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Rating:Are Fido and Schwab Wasting Their Efforts With Commission-Free ETFs? Not Rated 0.0 Email Routing List Email & Route  Print Print
Wednesday, March 03, 2010

Are Fido and Schwab Wasting Their Efforts With Commission-Free ETFs?

News summary by MFWire's editors

Charles Schwab and Fidelity have both recently drawn attention for offering commission-free ETFs (exchange-traded funds) to investors on their discount brokerage platforms (for some Schwab ETFs and iShares ETFs, respectively). Yet is this really what ETF investors want, particularly affluent ETF investors? New research from Phoenix Marketing International suggests that such discounts may be wasted efforts. The study also gives fundsters a glimpse of how widespread ETFs are among affluent investors and of how successful advertising and branding are for fund firms.

"Almost 64 percent of affluent investors who currently intend to invest in ETFs place the highest importance and relevance on funds that complement their strategic versus technical investing style, that track large market indices, are offered through a full-service brokerage, and can be traded online," stated Kristina Terzieva, director of syndicated financial services at the Rhinebeck, New York-based marketing research firm. "Waiving commissions for a limited number of ETFs, for only branded ETFs, or ETFs offered by a specialist broker have minimal impact insofar as reaching additional investors."

In February Phoenix surveyed 924 brokerage and mutual fund investors, all at least 21 years old and all with at least $100,000 of investable assets. Of those, 20 percent already own ETFs (29 percent of those plan to up their ETF holdings in the next month, and two percent plan to decrease those holdings) and another seven percent are likely to start buying ETFs this month.

Meanwhile, Phoenix also studied the advertising for various mutual fund brands.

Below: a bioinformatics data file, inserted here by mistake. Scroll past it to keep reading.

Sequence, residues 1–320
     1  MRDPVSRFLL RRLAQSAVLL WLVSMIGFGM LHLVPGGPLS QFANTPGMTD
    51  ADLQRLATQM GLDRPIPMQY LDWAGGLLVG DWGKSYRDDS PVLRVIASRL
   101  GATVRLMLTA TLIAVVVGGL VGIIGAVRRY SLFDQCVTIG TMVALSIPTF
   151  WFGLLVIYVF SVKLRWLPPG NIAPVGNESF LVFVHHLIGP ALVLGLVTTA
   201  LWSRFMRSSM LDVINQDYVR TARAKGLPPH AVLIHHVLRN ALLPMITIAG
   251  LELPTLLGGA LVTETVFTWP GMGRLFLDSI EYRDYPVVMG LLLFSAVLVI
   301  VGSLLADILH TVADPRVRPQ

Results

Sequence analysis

Company Press Release

Rhinebeck, NY March 2, 2010 Phoenix Marketing International, one of the fastest growing research companies in the U.S., announced today findings from its latest monthly survey among 924 brokerage and fund investors age 21+ with investable assets (excluding employer-sponsored plans) of at least $100K.

Conducted this past February, the Phoenix study shows that 20% of affluent investors currently own ETFs and that 7% are most likely to start investing in ETFs this month. Topping the list of firms under consideration by investors planning to add ETFs to their portfolio are Charles Schwab, E*Trade, Fidelity, Scottrade, TD Ameritrade, Vanguard, and Wells Fargo/Wachovia.

Over the next month 29% of current ETF investors plan to increase their portfolio allocation in these funds, 69% anticipate no allocation change, and 2% expect to unwind ETF positions. "Our research suggests that affluent investors' desire to access ETFs through multiple firms, with one-in-four planning to open additional brokerage accounts for investing in ETFs," reports Kristina Terzieva, Phoenix Director of Syndicated Financial Services. In addition to the above-mentioned brokerage companies, ETF investors are also considering Bank of America, Citibank, Edward Jones, ING/Sharebuilder, Merrill Lynch, T.Rowe Price, and UBS for new account relationships.

The Phoenix study evaluated thirteen statements included in the online promotional materials of full-service and specialist brokerage companies as reasons to invest in ETFs. Each reason was evaluated based on how important and relevant it is to investors, given their financial and investing goals. Brokerage firms may be surprised to learn that qualified ETF commission discounts are unnecessary promotions for reaching a majority of investors. "Almost 64% of affluent investors who currently or intend to invest in ETFs place the highest importance and relevance on funds that complement their strategic versus technical investing style, that track large market indices, are offered through a full-service brokerage, and can be traded online," summarized Terzieva. "Waiving commissions for a limited number of ETFs, for only branded ETFs, or ETFs offered by a specialist broker have minimal impact insofar as reaching additional investors," noted Terzieva.

Also reported by the Phoenix study are detailed evaluations of Online, Print, and TV advertisements for 18 leading brands that include previously mentioned firms plus Ameriprise, Barclays, Janus, John Hancock, Oppenheimer, Putnam, and TIAA-Cref. A summary of study findings is available for purchase from Phoenix and a custom report can be produced for financial services firms seeking to measure their multi-media advertising effectiveness and its relative impact on brand health.

Phoenix Contact:

Kristina Terzieva

Director, Syndicated Financial Services

508-647-0151

kristina.terzieva@phoenixmi.com 

Edited by: Neil Anderson, Managing Editor


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